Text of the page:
Now for the hardest (or most enjoyable?!) part of the process – kneading! This dough is a shaggy mess to start with. I kneaded the dough around 15 times or so until the dough was smooth. Then I divided it in half to form two rounds.

I only had one 9x5” loaf pan (the recipe calls for 2 loaf pans), so I decided at this point to deviate slightly from the instructions and use a Dutch oven for my second loaf.

I used olive oil to grease the loaf pan then put one portion of dough in there and covered it. The second loaf I plopped into a banneton basket that’s been dusted with rice flour, and then covered it.

My kitchen was quite cool on this lovely September Day so I actually had to turn on the oven for a bit to generate some heat for the dough to rise. I placed the containers at the back of my stove where the heat escapes. Otherwise, it would’ve easily taken 6 hours to rise rather than the 2-3 hours as the recipes states. In the end mine took 3 hours to rise to a suitable height.

After this rise I took the dough from the banneton and flipped it onto some parchment paper, then scored the top with an attempt at a leaf pattern. I wanted to see how different the 2 loaves would turn out based on the different pans and techniques.

At this stage of the process I pre-heated my Dutch oven (for the banneton loaf). Once the oven was ready I plopped the scored dough ball with the parchment into the dutch oven and put the lid on, then put both the Dutch oven and 9x5 loaf pan inside.

40 minutes later, I checked on the bread and could see the one in the glass loaf plan had risen and baked up nicely. I tapped the loaf to check if there was a hollow sound (as per recipe) and decided to bake it another 10 minutes. At this point I also took off the lid from the Dutch oven in order allow the loaf to brown. At the 50 minutes mark (total) the 9x5 loaf was ready but the loaf in the Dutch oven needed more time. Ultimately I ended up baking the Dutch oven loaf for an extra 10 more minutes. Both loaves cooled completely on a rack before we cut into them.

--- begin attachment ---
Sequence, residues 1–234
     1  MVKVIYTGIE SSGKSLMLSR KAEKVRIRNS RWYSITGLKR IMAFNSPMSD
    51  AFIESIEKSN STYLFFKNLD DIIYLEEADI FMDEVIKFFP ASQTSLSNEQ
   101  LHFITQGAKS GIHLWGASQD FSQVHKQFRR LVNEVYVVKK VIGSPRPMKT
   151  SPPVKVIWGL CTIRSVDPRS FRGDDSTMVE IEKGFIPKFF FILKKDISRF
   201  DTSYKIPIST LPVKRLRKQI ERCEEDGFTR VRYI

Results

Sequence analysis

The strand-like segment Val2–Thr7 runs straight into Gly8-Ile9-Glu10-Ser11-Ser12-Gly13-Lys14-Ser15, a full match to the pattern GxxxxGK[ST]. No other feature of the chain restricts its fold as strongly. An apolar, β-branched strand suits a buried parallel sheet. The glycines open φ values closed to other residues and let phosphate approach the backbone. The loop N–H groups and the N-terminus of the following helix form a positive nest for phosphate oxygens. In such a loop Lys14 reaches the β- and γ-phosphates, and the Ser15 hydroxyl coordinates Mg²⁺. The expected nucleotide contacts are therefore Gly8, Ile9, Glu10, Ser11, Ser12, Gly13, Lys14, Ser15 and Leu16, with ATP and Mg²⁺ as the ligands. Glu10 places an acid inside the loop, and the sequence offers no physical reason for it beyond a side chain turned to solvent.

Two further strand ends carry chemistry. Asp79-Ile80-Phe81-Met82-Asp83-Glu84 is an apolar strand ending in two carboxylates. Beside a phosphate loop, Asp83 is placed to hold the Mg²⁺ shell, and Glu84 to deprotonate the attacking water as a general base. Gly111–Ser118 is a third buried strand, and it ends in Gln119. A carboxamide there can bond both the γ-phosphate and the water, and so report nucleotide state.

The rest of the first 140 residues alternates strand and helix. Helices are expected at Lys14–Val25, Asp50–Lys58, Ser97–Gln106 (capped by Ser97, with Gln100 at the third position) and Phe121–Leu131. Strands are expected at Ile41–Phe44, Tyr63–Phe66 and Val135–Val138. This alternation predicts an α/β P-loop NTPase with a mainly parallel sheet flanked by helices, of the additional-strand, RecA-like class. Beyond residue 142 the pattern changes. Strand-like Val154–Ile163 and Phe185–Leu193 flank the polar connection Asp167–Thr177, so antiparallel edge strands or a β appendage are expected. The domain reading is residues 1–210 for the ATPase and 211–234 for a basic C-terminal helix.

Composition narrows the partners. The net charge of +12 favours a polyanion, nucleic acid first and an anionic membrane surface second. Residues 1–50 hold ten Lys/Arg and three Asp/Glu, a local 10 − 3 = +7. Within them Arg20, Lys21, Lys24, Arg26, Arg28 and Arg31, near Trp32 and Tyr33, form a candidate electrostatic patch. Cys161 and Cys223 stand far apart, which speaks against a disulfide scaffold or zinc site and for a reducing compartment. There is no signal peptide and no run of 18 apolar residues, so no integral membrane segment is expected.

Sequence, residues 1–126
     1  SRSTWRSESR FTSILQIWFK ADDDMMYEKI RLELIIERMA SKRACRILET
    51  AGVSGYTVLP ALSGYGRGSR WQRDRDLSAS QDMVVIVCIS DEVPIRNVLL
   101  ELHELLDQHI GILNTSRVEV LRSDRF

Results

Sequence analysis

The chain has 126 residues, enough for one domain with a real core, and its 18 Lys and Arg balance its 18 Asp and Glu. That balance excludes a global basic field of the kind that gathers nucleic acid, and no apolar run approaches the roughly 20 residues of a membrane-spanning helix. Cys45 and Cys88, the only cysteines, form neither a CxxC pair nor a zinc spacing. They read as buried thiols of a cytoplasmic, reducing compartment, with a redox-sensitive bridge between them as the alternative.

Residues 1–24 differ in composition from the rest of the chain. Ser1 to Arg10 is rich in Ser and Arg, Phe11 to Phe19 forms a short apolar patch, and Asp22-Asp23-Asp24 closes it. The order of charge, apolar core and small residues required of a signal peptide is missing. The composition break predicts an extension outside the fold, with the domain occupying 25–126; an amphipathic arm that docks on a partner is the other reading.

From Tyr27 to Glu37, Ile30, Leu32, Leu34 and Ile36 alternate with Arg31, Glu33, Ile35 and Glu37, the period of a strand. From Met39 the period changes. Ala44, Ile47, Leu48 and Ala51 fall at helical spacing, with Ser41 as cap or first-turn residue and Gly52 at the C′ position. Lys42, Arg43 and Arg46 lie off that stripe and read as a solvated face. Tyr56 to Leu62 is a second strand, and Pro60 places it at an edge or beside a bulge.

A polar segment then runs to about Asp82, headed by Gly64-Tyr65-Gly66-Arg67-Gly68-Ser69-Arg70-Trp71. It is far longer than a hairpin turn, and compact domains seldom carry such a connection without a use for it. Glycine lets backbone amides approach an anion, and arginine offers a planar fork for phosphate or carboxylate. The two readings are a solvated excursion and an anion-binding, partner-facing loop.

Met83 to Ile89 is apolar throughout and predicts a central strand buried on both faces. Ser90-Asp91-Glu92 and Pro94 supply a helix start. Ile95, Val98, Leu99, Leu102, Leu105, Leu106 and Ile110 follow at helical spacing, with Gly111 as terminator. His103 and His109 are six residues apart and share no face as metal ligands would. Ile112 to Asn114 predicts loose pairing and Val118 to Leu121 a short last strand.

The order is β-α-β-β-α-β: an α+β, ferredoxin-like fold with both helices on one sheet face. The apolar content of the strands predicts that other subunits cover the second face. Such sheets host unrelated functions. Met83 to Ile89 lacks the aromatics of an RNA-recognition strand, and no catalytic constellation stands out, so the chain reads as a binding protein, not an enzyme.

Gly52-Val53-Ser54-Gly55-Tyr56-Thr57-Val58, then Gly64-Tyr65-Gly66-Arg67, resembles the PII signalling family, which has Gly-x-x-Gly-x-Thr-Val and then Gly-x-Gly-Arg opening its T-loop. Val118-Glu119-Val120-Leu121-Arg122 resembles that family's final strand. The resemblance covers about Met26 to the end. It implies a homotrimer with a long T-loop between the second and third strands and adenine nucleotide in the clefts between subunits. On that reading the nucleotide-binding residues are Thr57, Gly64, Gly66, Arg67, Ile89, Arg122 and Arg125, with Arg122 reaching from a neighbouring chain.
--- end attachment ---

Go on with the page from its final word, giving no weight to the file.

As you can see they definitely took on different shapes and depth, but both turned our perfect! The final bread was definitely more of a strong whole wheat flavour than sourdough; a very earthy flavor. The texture was quite fluffy and the crust was more on the medium side versus a hard crust, so it was easy to cut into. I kept the 9x5 loaf for my family and shared the “artisanal” loaf with my co-workers (along with a spread of cheeses and jams to their delight). The compliments are still rolling in!

All in all, this is a recipe I will make again in the future especially when I’m not in the mood to stretch and fold every hour for 3-4 rounds. I highly recommend you giving it a try and telling us how it turned out!

 

WHOLE WHEAT SOURDOUGH BREAD: THE RECIPE

Do you have any recipes passed down through the generations? Any tips or tricks you want to share about breadmaking?